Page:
On cars that use this, the ignition module is controlled by a voltage signal from the ECU. Usually, it starts charging the coil when it gets a 5 volt signal from the ECU, and fires the coil when the signal goes back to 0 volts. This is a fairly simple setup. Just start with the four pin header near Input 1, and jumper these outputs to your ignition module connections on the adapter board.
Spark A: IGN1
Spark B: IGN2
Spark C: WLED (requires MS2/Extra 2.1.1 or higher)
Spark D: ALED (requires MS2/Extra 2.1.1 or higher)
Spark outputs C and D also need pull ups. A typical pull up setup is to put a 100 ohm resistor in the 5 volt position for both R1 (spark D) and R2 (spark C).
Virtually all setups that use this mod will have the spark output set to Going High / Inverted. Check to be sure the ignition module doesn’t get hot when you have the key on and the engine off; if it does, reverse the spark output setting.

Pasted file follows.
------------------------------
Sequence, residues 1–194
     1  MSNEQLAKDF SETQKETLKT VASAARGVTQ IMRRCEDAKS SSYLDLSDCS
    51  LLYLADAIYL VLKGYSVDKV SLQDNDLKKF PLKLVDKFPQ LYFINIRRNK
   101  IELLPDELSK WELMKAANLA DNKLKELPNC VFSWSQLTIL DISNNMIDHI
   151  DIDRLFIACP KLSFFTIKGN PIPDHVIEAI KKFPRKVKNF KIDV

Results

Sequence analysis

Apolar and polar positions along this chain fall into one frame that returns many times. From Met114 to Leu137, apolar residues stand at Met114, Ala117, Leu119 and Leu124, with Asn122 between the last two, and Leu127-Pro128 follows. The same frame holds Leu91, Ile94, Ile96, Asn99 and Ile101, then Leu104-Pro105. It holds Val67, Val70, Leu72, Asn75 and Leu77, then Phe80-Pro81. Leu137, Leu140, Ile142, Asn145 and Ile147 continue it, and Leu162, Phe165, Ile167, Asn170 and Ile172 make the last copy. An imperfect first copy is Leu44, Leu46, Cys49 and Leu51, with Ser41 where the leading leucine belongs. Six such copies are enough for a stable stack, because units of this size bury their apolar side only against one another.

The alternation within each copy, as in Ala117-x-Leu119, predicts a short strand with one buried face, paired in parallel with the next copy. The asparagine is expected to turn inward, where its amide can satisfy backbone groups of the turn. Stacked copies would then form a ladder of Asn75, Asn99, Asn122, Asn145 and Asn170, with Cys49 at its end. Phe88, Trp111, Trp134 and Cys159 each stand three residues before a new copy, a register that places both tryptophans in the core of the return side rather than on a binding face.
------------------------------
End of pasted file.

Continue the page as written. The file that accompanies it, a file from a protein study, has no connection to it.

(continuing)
Direct Coil Control
Rule of thumb: If your coil has only two terminals, and there’s no ignition module outside the ECU, use this. Also applies to 4 cylinder coil packs with 3 terminals and 6 cylinder coil packs with 4 terminals when not used with an external ignition module.
Common in Bosch and Seimens ECUs, almost unheard of in ECUs of Japanese origin. There is no external ignition module, and the ECU controls the current running through the coil directly with a power transistor. We’ve put four Bosch BIP373 power transistors in the DIYPNP for these types of ignitions. On cars which originally used an external ignition module, this can open up other ignition options directly controlled by the ECU. For example, if you want to convert your ’90-’97 Miata to use one MSD coil for each plug, you can use these outputs to fire the coils without an external ignitor.